Ecuador has a lot to see and do, and it is all offered at reasonable prices. In Quito, we took two local buses to visit the Mitad del Mundo monument (Middle of the Earth) about an hour out of town. The entire ride cost $0.65 USD per person. The entrance tickets we purchased were $7.50 USD per person, but there is a cheaper option (if you don’t care to go inside the actual monument) and more expensive option (all-access, plus a chocolate bar made on-site). In Latacunga, we hiked up the famous Cotopaxi volcano to the refuge house, which is about 4800 meters above sea level and 1100 meters from the top of the volcano. For $40 USD per person, you get entrance to the park, a driver/guide, and lunch. But the most fun we had was in Baños – the land of hot springs and waterfalls. This little town was our favorite place in Ecuador and needs to be on every backpacker’s/ adventurer’s list. It has so many outdoor activities for CHEAP! We went repelling down seven waterfalls (canyoning), zip-lining (canopying), touring the various waterfalls, riding the swing at the Casa del Arbol, and relaxing in the hot springs. All of this only cost us $64 USD per person total!
SAVINGS TIPS: Never book activities through your hotel/hostel! Always go directly to the tour operator! Just like everything in life, middlemen have to increase the price to slice themselves a piece of the pie. All of the tour operators are offering the same experiences at nearly the same price, so we found that booking all of your activities through the same tour operator was a good way to ensure you have some leverage. You are offering them repeat business, so they should be passing you some savings. If they are not willing to do so, just move on to the next one.
4.2% / $43.31 USD / $2.71 per day
Ecuador did not have Uber or any other ride-share programs at the time of our visit. That was ok though, because taxis and buses were very affordable. The average bus ride was $0.30 USD per person, and cabs were about $2.00 USD per trip (of course this depends on the distance traveled). The one tip I have for saving money here is to avoid getting a taxi at your port of entry (i.e. airport, bus station) to go to your hotel/hostel. With that said, sometimes it is worth it to hop in cab and have the driver drop you off at your doorstep instead of having to figure out where you are going, ride multiple bus lines with all of your belongings in tow, and then walk to your accommodation. Oh, and doing this all at 5:00 am after being on a bus for 15+ hours.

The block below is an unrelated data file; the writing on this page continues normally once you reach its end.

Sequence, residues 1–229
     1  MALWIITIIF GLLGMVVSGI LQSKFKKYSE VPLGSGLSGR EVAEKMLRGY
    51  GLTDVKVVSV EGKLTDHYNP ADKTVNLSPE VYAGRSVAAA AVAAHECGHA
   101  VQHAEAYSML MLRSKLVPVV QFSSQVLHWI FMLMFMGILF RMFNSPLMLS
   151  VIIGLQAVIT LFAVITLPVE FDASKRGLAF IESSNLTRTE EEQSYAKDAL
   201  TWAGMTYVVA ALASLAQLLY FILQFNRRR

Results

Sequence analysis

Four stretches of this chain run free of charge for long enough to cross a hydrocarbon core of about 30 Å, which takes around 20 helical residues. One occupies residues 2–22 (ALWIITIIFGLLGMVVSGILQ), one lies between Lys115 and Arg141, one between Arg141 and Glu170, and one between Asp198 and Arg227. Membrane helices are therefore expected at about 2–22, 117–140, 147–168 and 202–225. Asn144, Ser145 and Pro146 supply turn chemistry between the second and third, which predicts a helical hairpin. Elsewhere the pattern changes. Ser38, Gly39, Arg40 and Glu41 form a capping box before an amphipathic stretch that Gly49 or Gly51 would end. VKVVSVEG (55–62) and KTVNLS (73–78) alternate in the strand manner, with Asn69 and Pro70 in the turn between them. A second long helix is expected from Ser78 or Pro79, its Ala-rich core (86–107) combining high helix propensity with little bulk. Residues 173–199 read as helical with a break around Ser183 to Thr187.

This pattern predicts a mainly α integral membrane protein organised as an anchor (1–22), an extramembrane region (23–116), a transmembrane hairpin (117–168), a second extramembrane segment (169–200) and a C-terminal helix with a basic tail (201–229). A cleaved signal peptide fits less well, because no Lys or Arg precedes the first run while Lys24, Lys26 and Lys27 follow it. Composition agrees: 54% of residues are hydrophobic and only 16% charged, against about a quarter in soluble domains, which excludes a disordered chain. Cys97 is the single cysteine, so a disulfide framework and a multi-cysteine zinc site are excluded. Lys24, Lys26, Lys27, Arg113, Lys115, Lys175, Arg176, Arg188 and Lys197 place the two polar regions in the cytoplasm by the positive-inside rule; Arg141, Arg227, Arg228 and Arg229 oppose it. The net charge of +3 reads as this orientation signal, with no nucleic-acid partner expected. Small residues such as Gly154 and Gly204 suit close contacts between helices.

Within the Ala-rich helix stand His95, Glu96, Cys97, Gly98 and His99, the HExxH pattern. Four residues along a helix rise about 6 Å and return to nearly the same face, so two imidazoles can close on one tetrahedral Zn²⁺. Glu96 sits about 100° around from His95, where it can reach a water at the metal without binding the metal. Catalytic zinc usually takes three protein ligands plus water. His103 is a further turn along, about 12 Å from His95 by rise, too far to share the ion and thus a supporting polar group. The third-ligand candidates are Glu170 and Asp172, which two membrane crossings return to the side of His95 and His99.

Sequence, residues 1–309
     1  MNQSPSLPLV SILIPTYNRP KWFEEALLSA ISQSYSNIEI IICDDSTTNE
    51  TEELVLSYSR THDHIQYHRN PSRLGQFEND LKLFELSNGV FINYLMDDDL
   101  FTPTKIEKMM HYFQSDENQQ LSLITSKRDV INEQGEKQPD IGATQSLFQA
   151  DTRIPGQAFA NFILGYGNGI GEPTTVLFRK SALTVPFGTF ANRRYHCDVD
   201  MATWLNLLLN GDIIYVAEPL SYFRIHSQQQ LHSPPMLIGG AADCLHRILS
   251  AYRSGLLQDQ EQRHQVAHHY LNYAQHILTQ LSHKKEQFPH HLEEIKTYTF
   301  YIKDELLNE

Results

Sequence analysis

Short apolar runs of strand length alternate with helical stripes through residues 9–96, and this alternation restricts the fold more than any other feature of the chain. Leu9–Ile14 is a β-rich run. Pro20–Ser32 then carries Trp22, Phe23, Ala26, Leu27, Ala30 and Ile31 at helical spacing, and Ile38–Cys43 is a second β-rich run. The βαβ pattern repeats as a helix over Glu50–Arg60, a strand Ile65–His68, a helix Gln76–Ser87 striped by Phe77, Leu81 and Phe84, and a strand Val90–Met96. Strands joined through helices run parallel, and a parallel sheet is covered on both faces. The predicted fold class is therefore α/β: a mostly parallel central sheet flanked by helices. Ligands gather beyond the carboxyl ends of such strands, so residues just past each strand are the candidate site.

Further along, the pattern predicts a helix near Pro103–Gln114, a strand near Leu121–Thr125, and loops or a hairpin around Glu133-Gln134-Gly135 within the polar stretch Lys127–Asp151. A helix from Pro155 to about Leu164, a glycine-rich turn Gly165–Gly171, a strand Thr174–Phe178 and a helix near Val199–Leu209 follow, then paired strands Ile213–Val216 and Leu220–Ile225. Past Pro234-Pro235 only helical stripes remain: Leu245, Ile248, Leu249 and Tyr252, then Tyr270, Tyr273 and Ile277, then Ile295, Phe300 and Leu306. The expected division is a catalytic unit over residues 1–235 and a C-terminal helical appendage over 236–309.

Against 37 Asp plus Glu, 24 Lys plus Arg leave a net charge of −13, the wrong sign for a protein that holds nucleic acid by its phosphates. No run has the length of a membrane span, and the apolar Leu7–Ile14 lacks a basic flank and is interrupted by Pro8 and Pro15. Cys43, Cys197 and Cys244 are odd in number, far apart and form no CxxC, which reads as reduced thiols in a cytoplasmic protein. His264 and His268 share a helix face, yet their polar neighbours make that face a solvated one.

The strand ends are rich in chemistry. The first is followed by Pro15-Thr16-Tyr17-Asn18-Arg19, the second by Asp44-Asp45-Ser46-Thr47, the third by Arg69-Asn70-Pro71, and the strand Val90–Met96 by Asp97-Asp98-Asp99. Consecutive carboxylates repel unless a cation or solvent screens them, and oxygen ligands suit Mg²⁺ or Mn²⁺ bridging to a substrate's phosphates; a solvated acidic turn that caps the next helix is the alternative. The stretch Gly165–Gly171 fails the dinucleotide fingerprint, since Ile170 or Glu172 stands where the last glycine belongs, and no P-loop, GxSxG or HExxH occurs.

My favorite of the local beers was Pilsener. For $2-3 USD per beer at a bar or restaurant, you get 650 ml (about 22 ounces) of that frothy goodness. Cocktails will be closer to $6 USD. The cheaper option, as always, is buying alcohol at the grocery store.
2.9% / $30.55 USD / $1.91 per day
It was almost May and my last hair cut was over 4 months ago, so it was time to get some hairs cut. I am very prejudice when it comes to hairdressers/barbers, so it had to be a young person with stylish hair himself or herself. After window-shopping at several salons, I finally found my barber! The price was astonishing; $4 USD for cut and shampoo in the downtown district of the capital city. When he was done, Ashly was ready to love me again! Besides the haircut, we had to do laundry on two occasions. Laundry was only $0.50 USD per kilo ($5 USD total) at our hostel in Cuenca, but it was not that cheap in Quito. Our Airbnb host listed his property as having a washer and dryer (it is one of the filters we usually choose). When we asked how to use the machines, he said we were unable to use them. We showed him that the appliances were included on his listing, but he still refused us. All he did was apologize and update the listing to avoid confusion with future guests. In dire need of clean clothes, we went to the fluff-and-fold shop around the corner. They charged $2 USD per kilo! It sucked having to spend $20 USD on laundry, but everything worked out for us in the end. Perturbed, we immediately explained the situation to Airbnb via Twitter. They responded hours later with an apology and a $50 USD coupon code to use on a future Airbnb stay. Just like that we went from spending $20 to making $30! One more reason to use Airbnb ☺